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What businesses need to know about the gender pay gap reporting deadline

As at Friday 6th of April, just over 10,000 companies have released gender pay gap figures

In April 2018, all UK-based public-sector bodies, companies and charities with more than 250 employees were required to report their gender pay gap. What does the data reveal so far about the UK’s gender pay gap, and what are the consequences of failing to report?

The new requirement to publish information on median earnings came into force last April, as part of a change to the Equality Act 2010. It requires affected companies to publish information on the following:

  • The variance between average hourly earnings between men and women across all positions within the organisation
  • Differences in bonus payments
  • The percentage of men and women at various levels of the pay structure

It is important to note that the hourly earnings variance is based on the median hourly pay gap (i.e. it calculates the average of all hours worked by men and women in an organisation, regardless of whether this work is full-time or part-time).

As a result, the figures do not provide information on whether companies are paying men and women equally for performing the same role, though it is worth noting that this type of pay discrimination has been illegal since the 1970s.

Here are some of the key points that businesses need to know about the gender pay gap reporting deadline:

Wide-reaching effect

The gender pay gap reporting obligation affects about 9,000 organisations in the UK, which collectively employ over 15 million people.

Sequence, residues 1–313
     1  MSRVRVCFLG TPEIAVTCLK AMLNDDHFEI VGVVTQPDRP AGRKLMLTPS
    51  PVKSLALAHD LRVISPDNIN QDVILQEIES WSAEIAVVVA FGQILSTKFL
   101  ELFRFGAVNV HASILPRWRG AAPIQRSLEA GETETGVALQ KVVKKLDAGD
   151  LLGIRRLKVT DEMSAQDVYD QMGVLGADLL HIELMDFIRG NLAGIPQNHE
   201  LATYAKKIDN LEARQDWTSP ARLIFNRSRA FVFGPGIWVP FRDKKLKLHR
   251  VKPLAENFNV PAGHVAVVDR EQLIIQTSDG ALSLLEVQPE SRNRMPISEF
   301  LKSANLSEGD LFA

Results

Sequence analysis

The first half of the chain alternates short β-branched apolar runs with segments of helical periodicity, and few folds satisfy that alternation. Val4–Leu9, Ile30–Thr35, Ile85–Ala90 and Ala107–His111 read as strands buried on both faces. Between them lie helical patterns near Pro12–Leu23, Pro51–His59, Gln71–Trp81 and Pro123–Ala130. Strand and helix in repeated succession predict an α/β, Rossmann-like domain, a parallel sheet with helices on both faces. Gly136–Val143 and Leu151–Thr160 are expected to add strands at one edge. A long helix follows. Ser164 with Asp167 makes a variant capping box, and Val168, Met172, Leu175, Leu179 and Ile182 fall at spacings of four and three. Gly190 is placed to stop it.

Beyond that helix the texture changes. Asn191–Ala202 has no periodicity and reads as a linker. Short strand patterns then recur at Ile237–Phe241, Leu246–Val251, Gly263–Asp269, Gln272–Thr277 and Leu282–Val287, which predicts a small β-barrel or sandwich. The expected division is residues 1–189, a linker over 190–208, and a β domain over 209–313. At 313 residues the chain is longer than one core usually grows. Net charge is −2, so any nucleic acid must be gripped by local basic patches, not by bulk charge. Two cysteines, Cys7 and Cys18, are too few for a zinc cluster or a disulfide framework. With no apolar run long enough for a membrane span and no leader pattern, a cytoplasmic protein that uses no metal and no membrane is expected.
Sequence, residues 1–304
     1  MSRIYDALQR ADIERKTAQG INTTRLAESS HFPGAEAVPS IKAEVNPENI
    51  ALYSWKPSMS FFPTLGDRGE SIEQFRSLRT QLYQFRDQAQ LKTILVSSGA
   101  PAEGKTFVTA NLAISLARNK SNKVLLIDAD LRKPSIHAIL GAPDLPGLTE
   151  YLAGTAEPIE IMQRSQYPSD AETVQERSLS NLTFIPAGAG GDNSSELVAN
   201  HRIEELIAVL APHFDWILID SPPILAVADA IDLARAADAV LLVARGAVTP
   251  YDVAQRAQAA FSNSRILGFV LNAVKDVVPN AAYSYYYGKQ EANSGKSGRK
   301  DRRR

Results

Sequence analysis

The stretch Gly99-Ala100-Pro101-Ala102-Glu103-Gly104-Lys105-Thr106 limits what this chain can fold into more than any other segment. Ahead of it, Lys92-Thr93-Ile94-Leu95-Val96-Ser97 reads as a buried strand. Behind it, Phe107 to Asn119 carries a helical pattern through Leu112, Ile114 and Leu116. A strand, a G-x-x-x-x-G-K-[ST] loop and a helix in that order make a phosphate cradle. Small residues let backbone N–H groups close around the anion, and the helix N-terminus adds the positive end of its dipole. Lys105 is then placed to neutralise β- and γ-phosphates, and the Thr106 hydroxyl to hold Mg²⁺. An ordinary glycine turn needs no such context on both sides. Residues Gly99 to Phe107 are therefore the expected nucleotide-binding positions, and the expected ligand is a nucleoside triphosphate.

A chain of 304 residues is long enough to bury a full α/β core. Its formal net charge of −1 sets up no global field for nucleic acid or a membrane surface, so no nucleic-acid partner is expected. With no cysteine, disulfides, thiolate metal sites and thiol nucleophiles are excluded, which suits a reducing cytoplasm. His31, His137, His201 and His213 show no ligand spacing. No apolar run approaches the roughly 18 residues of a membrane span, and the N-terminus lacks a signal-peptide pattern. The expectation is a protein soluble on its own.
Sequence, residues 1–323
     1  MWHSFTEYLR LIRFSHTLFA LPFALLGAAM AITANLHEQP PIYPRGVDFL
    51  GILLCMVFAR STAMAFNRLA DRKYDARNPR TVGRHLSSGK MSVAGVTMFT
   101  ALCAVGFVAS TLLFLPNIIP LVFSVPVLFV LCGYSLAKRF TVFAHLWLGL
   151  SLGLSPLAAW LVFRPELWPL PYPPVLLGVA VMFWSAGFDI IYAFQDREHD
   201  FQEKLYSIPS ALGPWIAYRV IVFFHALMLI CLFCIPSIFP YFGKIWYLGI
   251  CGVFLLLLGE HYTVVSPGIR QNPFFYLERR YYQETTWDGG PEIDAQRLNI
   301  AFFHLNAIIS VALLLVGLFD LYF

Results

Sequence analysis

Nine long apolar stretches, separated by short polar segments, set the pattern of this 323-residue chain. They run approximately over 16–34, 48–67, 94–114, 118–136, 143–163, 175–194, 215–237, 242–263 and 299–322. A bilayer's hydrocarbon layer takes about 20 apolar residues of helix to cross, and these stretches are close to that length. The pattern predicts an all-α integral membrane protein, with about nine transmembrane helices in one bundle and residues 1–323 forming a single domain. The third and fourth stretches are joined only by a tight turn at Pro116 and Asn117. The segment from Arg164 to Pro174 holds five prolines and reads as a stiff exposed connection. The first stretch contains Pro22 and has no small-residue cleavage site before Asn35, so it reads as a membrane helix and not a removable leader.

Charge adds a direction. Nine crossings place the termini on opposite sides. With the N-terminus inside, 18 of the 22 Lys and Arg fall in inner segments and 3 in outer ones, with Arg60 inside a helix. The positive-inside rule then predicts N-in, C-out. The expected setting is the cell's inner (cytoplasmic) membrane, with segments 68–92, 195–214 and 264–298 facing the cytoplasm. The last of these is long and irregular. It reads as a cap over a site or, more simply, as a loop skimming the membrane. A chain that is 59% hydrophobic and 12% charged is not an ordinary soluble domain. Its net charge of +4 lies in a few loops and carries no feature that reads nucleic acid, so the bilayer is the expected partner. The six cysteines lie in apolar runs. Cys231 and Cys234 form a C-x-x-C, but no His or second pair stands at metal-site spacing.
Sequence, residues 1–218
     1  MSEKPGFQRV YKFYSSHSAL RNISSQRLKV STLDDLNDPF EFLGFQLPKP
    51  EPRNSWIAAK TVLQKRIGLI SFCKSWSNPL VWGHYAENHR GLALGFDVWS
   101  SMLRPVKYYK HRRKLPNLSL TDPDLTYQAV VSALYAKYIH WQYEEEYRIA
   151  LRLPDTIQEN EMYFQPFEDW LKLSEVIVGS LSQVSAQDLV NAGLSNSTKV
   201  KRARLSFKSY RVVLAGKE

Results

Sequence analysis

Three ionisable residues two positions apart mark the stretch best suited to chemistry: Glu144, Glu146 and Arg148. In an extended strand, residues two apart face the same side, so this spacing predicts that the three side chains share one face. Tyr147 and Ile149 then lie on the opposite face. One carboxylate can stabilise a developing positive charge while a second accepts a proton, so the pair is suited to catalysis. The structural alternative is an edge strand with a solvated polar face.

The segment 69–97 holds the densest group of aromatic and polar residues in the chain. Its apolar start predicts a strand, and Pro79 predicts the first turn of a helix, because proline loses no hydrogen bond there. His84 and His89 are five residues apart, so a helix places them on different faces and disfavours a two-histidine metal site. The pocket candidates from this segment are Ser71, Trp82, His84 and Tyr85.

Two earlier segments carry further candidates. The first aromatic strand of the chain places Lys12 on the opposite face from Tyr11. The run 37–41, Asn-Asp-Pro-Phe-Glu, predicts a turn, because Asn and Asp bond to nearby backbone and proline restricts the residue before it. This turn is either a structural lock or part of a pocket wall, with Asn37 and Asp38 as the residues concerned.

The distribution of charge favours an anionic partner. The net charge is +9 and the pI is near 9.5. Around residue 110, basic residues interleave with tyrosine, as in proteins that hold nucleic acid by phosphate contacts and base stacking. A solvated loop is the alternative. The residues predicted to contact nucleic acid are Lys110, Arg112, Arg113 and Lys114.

There is a significant gender pay gap in the UK

The figures disclosed so far reveal that, on balance, 78% of companies pay men more than women, with the result that the national median pay gap is 18.4%. As a result, the UK ranks worse in terms of its gender pay gap than the OECD average, which is 14%.

Not all sectors are equally affected

While the majority of sectors pay men more than women on average, there are a few sectors (namely water and waste, household employees and mining) which actually pay women more.

Meanwhile, several high street chains such as Costa, McDonalds, KFC and Starbucks reported no gender pay gap.

The worst affected sector is finance and insurance, where about 35% of firms pay men more than women. Companies like Virgin Money and Royal Bank of Scotland, for instance, have gender pay gaps of 38.4% and 36.5%, respectively, in favour of men.

Some have missed the boat

As at Friday 6th of April, just over 10,000 companies have released gender pay gap figures. However, more than 1,500 companies have missed the deadline, prompting the Equalities and Human Rights Commission (EHRC) to urge them to publish the required data within 28 days.

Consequences of failing to report

Organisations who fail to report their gender pay gap figures risk being investigated by the EHRC. Penalties for non-compliance can include an unlimited fine, though the EHRC is also considering ‘naming and shaming’ companies.

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